• Mapped to a legal entity and a primary ledger.

Two types of inventory organizations exist.

Storage and manufacturing facilities are related to other organizational entities through a business unit that stores, manufactures, and distributes goods through many factories, warehouses, and distribution centers. The material parameters are set for both the facilities, enabling movement of material in the organization. This business unit has the business function of Materials Management enabled. Oracle Fusion Applications permit many inventory organizations to be assigned to one business unit.

Distribution Center as an Inventory Organization

A distribution center can store inventory that;s the responsibility of different business units. In this situation, assign an inventory organization to each business unit as a representation of the inventory in the distribution center. The multiple inventory organizations representing the inventory are defined with the same location to show that they're a part of the same distribution center.

In the following figure the two business units, Air Compressors and Air Transmission, share one distribution center in Atlanta. The two inventory organizations, Air Compressors and Air Transmission represent the inventory for each business unit in the Atlanta distribution center and are both assigned the Atlanta location.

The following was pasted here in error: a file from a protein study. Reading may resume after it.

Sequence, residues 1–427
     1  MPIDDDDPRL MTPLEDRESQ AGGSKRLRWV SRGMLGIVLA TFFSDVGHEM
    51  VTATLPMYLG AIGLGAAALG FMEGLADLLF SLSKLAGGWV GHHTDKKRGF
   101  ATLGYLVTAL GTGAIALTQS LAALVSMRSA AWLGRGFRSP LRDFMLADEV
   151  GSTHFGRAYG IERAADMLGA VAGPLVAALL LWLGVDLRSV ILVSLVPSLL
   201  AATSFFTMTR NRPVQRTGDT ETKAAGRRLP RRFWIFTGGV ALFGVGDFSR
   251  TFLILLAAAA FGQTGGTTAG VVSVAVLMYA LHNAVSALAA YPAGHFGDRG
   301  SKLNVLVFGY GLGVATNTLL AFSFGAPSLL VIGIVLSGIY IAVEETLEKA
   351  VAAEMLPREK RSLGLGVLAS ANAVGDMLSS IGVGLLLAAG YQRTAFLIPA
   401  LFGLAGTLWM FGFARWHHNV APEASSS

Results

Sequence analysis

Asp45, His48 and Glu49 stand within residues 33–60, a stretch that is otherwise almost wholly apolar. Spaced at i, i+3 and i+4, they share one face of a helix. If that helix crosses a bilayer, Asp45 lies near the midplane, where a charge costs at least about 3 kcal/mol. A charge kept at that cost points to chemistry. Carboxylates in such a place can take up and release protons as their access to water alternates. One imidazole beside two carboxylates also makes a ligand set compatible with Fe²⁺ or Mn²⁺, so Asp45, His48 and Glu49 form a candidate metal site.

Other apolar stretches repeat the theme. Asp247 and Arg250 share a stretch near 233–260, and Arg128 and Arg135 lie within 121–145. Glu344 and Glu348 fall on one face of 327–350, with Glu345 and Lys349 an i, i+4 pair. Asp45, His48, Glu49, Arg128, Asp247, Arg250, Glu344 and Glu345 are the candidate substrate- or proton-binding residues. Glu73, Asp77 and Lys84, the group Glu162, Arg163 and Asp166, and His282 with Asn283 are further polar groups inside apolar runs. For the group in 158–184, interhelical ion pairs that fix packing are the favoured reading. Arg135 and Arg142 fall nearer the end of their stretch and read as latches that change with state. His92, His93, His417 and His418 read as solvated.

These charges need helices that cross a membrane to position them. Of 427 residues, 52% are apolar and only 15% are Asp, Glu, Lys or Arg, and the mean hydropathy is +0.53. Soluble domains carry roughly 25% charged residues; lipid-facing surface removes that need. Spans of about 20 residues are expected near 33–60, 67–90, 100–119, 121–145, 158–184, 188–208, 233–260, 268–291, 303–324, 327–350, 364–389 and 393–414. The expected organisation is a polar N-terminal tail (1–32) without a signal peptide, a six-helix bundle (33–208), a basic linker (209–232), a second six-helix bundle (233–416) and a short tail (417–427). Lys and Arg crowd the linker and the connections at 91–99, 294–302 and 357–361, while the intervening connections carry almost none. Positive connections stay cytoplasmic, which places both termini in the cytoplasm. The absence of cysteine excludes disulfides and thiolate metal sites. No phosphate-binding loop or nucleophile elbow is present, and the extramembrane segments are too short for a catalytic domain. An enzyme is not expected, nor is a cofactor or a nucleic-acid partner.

The figure illustrates the distribution centers within
the business units acting as inventory organizations for the respective
business units.

Legal Entities Own Inventory Organizations

A legal entity owns the inventory located in a storage or manufacturing facility. This ownership is assigned through the relationship of the inventory organization representing the inventory and the legal entity assigned to the inventory organization. The legal entity assigned to the inventory organization shares the same primary ledger as the inventory organization's business unit.

The inventory is tracked in the inventory organization owned by the legal entity of which the business unit is part. All transactions are accounted for in the primary ledger of the legal entity that owns the inventory.

This figure illustrates the inventory owned by InFusion Air Quality legal entity. The InFusion Air Quality legal entity is associated with the Air Compressors business unit, which is associated with the two Air Compressors inventory organizations. Therefore, InFusion Air Quality legal entity owns the entire inventory in both the Dallas and Atlanta locations.